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Established 1995 filmfestivals.com serves and documents relentless the festivals community, offering 92.000 articles of news, free blog profiles and functions to enable festival matchmaking with filmmakers.

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Preview of the Festival of German Films in Australia

GERMAN CINEMA - VIBRANT AND VARIED

Vibrant and varied, German cinema is riding a wave of popular and critical success - and this festival is a showcase to some of its offerings, ranging from the Opening Night comedy Whisky With Vodka about an actor in crisis, through the Oscar winning and astringent The White Ribbon to the sensuous relationship drama of unlikely love, in Aimée and Jaguar. And then there is young Adolf ....  Andrew L. Urban reports.

Aimee and Jaguar

"If ever there was a forbidden love, it was that of Aimée and Jaguar.  Captive in a whirlwind of romance, danger and desire, we are transported to a rich, complex world filled with drama, eroticism and yearning," writes Louise Keller in her review (from an earlier festival screening). Australian audiences will finally get a chance to see Aimée and Jaguar in this year's program of the Festival of German Films. Max Farberbock's film, based on Erica Fischer's novel, is set in Berlin in 1943, and is part of Berlin Based section of the festival. "Farberbock's passionate debut film is a remarkable achievement," says Louise.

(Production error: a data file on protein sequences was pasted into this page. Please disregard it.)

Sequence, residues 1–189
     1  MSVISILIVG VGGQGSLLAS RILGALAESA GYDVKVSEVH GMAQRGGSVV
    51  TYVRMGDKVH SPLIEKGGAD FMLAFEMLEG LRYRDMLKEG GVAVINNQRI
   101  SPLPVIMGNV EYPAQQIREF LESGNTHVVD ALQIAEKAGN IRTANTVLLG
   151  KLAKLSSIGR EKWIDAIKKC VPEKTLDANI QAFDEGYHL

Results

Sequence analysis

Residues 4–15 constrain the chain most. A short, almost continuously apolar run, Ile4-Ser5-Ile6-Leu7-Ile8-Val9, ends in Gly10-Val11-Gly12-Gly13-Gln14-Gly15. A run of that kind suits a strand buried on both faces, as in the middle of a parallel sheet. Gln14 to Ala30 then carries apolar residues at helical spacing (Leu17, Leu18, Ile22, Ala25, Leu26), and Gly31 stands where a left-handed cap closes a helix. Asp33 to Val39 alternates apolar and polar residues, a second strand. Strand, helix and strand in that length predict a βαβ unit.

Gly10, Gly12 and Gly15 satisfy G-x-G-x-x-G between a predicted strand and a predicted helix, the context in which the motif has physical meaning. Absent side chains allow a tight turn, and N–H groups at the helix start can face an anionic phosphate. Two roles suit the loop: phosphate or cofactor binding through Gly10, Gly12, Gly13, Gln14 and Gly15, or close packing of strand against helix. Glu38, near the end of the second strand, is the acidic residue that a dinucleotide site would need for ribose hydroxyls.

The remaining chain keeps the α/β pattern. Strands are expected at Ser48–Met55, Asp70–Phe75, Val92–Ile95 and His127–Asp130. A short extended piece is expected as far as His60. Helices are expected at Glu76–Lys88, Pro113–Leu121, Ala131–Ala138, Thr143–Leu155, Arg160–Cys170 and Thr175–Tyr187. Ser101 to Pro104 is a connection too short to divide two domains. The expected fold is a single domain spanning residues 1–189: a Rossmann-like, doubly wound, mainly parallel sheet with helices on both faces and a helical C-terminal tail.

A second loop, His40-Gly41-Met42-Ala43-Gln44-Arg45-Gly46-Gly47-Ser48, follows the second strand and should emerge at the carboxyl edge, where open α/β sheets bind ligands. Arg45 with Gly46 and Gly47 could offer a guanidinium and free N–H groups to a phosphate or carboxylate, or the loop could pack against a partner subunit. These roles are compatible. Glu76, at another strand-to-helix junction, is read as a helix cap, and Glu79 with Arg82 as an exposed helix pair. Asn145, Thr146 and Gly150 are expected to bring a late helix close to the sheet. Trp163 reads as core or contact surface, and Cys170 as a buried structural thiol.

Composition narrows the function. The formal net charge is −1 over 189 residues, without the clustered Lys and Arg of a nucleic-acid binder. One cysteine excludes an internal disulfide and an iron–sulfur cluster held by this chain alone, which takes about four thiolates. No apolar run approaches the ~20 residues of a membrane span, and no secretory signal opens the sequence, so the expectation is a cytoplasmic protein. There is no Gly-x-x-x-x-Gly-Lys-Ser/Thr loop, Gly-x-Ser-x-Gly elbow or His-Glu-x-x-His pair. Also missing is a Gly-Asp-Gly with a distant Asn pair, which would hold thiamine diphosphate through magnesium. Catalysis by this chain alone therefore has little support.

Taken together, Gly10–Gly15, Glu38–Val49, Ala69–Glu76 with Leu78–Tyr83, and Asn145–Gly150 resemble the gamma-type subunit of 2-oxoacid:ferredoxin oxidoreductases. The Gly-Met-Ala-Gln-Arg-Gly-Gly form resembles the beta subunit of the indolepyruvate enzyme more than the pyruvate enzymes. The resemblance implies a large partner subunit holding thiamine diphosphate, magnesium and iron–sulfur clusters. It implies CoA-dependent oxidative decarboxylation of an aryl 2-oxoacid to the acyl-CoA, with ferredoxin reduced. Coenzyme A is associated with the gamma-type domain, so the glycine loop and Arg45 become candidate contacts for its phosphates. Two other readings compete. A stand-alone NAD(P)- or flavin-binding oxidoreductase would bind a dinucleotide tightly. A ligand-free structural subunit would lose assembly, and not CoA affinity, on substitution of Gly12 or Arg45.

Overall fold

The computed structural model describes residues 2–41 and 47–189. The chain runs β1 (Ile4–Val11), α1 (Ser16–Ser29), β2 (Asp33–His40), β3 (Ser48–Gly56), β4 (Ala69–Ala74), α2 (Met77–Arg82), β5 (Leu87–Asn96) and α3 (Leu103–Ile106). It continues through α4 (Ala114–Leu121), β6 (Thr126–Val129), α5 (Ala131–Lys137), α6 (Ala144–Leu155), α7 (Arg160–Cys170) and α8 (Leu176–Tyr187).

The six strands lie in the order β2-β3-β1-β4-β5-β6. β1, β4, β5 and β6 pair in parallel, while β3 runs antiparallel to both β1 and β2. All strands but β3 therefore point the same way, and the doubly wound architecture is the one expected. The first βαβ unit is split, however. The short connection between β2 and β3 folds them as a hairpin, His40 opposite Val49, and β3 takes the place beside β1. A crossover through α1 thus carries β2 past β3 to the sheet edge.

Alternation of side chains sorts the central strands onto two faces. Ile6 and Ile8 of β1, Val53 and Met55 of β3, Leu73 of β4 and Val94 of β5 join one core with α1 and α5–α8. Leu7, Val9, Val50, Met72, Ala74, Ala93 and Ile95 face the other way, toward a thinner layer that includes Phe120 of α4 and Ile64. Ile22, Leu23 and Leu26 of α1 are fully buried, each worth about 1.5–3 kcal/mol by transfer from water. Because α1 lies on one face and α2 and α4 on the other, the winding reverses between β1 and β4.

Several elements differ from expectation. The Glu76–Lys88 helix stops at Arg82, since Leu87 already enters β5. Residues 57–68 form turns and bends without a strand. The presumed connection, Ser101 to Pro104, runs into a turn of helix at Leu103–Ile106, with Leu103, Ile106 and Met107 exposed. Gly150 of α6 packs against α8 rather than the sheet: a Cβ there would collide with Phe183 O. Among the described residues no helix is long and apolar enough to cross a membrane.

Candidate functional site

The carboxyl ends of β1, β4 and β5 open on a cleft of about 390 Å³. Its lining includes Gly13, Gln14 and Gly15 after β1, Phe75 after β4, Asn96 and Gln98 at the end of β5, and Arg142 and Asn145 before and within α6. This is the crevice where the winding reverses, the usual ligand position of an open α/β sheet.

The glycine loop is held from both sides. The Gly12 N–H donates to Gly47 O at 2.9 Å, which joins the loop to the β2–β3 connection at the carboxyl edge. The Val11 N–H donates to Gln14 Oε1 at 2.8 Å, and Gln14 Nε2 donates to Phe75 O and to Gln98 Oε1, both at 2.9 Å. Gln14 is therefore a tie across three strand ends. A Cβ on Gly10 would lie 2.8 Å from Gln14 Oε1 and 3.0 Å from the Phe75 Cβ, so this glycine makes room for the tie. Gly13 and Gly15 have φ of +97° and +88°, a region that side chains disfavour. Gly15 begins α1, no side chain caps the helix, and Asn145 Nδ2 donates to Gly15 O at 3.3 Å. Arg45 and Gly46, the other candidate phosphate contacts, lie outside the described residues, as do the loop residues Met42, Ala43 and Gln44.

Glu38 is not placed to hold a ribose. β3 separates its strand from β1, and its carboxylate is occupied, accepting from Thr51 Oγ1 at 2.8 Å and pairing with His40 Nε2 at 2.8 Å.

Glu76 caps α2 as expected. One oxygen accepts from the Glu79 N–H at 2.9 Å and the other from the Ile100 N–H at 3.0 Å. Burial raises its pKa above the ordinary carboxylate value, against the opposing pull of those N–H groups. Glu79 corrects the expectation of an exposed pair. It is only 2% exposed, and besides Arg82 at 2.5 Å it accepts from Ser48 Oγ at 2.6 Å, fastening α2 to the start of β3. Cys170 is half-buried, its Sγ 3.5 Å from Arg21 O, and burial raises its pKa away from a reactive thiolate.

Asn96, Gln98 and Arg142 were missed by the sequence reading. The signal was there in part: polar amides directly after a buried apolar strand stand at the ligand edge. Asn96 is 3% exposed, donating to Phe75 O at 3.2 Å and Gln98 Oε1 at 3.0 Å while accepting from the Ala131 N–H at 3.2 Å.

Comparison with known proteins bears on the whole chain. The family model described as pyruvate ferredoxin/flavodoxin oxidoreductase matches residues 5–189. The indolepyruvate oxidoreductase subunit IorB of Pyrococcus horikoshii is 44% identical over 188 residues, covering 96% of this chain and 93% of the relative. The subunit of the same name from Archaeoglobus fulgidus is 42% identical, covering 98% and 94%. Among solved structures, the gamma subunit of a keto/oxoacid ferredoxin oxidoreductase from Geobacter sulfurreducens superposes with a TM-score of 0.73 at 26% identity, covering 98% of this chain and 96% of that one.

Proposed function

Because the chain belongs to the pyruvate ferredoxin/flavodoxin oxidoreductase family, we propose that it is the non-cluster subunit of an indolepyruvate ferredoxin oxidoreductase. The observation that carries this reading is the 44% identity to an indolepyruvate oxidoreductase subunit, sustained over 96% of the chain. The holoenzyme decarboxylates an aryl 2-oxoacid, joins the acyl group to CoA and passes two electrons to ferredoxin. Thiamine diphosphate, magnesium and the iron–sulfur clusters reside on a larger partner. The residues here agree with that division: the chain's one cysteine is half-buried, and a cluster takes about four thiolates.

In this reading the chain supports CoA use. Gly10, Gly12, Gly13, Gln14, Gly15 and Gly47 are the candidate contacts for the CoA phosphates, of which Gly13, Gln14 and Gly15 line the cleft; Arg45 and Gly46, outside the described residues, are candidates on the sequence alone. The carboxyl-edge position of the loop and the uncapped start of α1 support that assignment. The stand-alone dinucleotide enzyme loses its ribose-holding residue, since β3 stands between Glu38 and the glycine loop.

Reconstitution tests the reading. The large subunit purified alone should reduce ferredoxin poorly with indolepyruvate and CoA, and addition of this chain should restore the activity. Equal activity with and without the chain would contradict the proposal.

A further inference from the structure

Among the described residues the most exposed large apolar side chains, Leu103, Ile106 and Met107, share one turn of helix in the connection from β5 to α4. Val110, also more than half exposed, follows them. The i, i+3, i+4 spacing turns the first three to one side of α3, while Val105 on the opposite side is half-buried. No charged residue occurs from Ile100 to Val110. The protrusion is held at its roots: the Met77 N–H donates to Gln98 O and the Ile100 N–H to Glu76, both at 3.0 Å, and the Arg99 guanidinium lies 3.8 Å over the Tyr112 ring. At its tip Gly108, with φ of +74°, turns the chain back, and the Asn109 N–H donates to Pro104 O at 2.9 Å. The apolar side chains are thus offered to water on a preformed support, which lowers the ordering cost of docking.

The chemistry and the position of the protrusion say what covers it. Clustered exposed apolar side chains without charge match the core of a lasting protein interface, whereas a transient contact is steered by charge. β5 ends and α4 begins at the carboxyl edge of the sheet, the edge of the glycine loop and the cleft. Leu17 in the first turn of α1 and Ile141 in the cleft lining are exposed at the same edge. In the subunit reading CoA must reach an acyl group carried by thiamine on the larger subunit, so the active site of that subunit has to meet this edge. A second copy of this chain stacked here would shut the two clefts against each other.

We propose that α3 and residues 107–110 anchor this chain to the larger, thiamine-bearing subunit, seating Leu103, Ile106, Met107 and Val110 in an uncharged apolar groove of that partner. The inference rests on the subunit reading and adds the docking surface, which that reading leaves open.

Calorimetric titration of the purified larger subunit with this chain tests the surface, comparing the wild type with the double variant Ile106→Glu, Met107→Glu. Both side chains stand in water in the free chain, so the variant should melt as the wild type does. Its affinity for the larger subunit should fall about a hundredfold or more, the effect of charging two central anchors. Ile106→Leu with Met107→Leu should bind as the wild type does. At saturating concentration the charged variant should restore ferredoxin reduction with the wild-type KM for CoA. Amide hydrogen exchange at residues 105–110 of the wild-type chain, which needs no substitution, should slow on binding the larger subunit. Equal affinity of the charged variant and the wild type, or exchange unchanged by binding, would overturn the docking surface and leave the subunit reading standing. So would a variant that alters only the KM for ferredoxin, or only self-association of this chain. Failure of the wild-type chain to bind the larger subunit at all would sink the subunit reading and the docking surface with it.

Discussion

The story is layered and complex: when Felice (Maria Schrader) sees Lily (Juliane Kohler) at a concert in Berlin in 1943, she is bewitched.  But their worlds are very different: Lily, from a solid German family with not much sympathy for Jews, is married with four children. Felice is a Resistance fighter and liberal in every way, intelligent, passionate - and attracted to women, a secret she shares only with fellow lesbians.  Lily is happy to flirt with admirers while her husband is fighting on the Eastern Front, but finds Felice especially fascinating.  Their relationship begins to catch fire and Felice nicknames herself Jaguar, and Lilly is Aimee, in a romantic re-christening. But Felice hides another secret - she is Jewish, and this alone could destroy her as well as endanger Lily, if indeed Lily accepts the startling revelation at all.

 

But the festival opens with something completely different: Whisky With Vodka. A film set forms the background of this comedy: his love of alcohol, women and his fear of aging cause a veteran actor to create mayhem. A double is brought in and serious competition unfolds, couples fall apart and new friendships form. Andreas Dresen won the Best Direction award for the film at last year's Karlovy Vary festival, and the film has screened at several other fests.

 

The fascinating historical biopic, John Rabe, marks yet another change of pace in the program: it tells the little known story of the German businessman, manager of a Siemens factory, who saved over 200,000 Chinese during the 1937/1938 Japanese invasion and massacre of Nanjing. Florian Gallenberger's bid budget film, which has won numerous awards including Best Film at the 2009 German Film Awards, was shot on location in China. Ulrich Tukur brings Rabe to life and the international cast includes Daniel Brühl, Steve Buscemi as a laconic British officer, and Dagmar Manzel as Rabe's wife.